As I had cause to confess recently, I am a man in whom a spiritual impulse is in a constant wrestling match with a deep skepticism. As skepticism knows all the dirty tricks it usually wins. However, the struggle doesn't strike me as pointless. G.K. Chesterton's words are truer today than ever: "When men choose not to believe in God, they do not thereafter believe in nothing, they then become capable of believing in anything." Today, once you step outside the tightly-guarded compound of rational, positivist science, you are surrounded by the babble of crystal healers, aromatherapists and a thousand other snake-oil merchants trying to monetize credulity.
Recently I was browsing through a collection of "inspirational" extracts from well-known artists, writers, and songwriters, and was struck by some common threads. There was much of the usual nonsense about following your dream, which is just annoying, but more usefully there was an insistence on the value of actually getting down to hard labour ("Inspiration is for amateurs -- the rest of us just show up and get to work" -- Chuck Close). In the end, all dream-chasing aside, a writer is a person who writes, a painter is a person who paints. A successful artist is a person who makes at least a partial living from their art.
But there was another thread, of which this is exemplary:
If you’re going to try, go all the way. Otherwise, don’t even start. This could mean losing girlfriends, wives, relatives and maybe even your mind. It could mean not eating for three or four days. It could mean freezing on a park bench. It could mean jail. It could mean derision. It could mean mockery — isolation. Isolation is the gift. All the others are a test of your endurance, of how much you really want to do it. And, you’ll do it, despite rejection and the worst odds. And it will be better than anything else you can imagine. If you’re going to try, go all the way. There is no other feeling like that. You will be alone with the gods, and the nights will flame with fire. You will ride life straight to perfect laughter. It’s the only good fight there is.Sounds great, doesn't it? It's the romance of the outsider, shot through with righteous self-justification (nicely hubristic, too: "He is despised and rejected of men; a man of sorrows, and acquainted with grief: and we hid as it were our faces from him; he was despised, and we esteemed him not." Isaiah 53:3). We've surely all had such moments, alone with the gods in our ecstatic shining nights. No? Well, if you haven't, you have my sympathy. But anyone seeking to lead a life led at that pitch of self-absorption who is not also blessed with considerable talent is, as Bukowski warns, likely to die alone, cold and hungry, a burned-out, rejected and resentful never-was. The flaming fire must cool, be transmuted into ink, and end up as meaningful words on a page. Those laughing gods won't write your book for you, but it will amuse them to steal it from you, like rolling a drunk.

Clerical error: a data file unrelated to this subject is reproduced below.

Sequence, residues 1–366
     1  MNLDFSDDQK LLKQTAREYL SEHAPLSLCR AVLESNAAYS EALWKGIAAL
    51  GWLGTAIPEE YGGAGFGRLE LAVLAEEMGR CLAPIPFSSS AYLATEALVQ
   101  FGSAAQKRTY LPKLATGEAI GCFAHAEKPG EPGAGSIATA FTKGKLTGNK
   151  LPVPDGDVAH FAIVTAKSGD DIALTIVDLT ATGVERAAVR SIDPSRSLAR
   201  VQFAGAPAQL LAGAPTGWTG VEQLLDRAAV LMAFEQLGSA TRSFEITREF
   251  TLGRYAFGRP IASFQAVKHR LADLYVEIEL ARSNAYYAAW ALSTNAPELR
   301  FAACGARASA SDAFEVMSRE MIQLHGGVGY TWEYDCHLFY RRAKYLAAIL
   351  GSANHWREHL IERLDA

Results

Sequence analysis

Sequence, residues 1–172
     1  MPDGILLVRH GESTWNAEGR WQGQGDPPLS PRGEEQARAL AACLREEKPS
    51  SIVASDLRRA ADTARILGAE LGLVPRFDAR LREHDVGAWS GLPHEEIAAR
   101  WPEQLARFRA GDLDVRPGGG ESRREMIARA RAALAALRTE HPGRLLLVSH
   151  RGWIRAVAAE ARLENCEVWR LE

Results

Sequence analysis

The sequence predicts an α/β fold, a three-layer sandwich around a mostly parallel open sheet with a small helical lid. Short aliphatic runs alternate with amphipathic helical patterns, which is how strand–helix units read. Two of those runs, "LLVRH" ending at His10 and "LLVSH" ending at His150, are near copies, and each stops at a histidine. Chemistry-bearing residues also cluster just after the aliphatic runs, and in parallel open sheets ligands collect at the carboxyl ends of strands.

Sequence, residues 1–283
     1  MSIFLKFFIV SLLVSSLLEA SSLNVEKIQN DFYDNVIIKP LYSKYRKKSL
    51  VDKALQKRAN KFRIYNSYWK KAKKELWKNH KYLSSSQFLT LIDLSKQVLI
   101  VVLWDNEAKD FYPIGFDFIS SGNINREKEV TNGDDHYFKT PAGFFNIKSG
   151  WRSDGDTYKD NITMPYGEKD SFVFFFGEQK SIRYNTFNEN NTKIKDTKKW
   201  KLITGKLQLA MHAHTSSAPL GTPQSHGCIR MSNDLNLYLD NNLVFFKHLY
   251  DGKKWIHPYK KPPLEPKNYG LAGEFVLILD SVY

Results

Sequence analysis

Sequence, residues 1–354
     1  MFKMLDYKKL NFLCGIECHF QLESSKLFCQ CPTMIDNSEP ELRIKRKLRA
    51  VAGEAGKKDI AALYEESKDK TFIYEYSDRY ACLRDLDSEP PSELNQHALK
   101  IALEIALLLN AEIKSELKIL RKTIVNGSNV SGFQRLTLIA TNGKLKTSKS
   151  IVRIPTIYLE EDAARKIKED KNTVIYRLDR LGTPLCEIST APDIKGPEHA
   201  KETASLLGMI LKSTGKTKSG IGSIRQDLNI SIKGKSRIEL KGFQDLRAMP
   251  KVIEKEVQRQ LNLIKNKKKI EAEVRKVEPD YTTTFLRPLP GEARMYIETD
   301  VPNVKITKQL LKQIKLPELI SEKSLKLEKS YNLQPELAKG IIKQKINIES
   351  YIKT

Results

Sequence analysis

Charles Bukowski, Factotum
Reading the "how to" advice of those who have achieved notable artistic success always invites the skeptical question: Sure, but how many more have failed utterly, following exactly the same formula? Curiously, the "secret" that many succesful people seem to want to propagate, in variations on Bukowski's theme, is this: that total commitment somehow of itself invokes a positive, supportive response from the universe, in the form of life-changing coincidences, chance meetings, and unexpected opportunities. It's like magic! Believe you can fly, and you will -- just jump!
It seems never to have occurred to them that it is more likely the other way round: that their response to the random churning of the world -- to the coincidences, chance meetings and unexpected opportunities that happen to everyone -- has been total commitment, and that it is this eye for the main chance that has made all the difference. I suppose that to advocate the clever, even ruthless exploitation of every chance opportunity may sound rather too cold, too calculating, too businesslike, and there is something more appealing, something reassuringly quasi-religious about the idea of art as a high-stakes game of trust played with the universe. Maybe we should split the difference and simply call it self-belief. Self-belief does have a certain magic, teflon quality to it.
But the fact is that if you can fly, you can believe whatever you like about how you got up there. And probably will.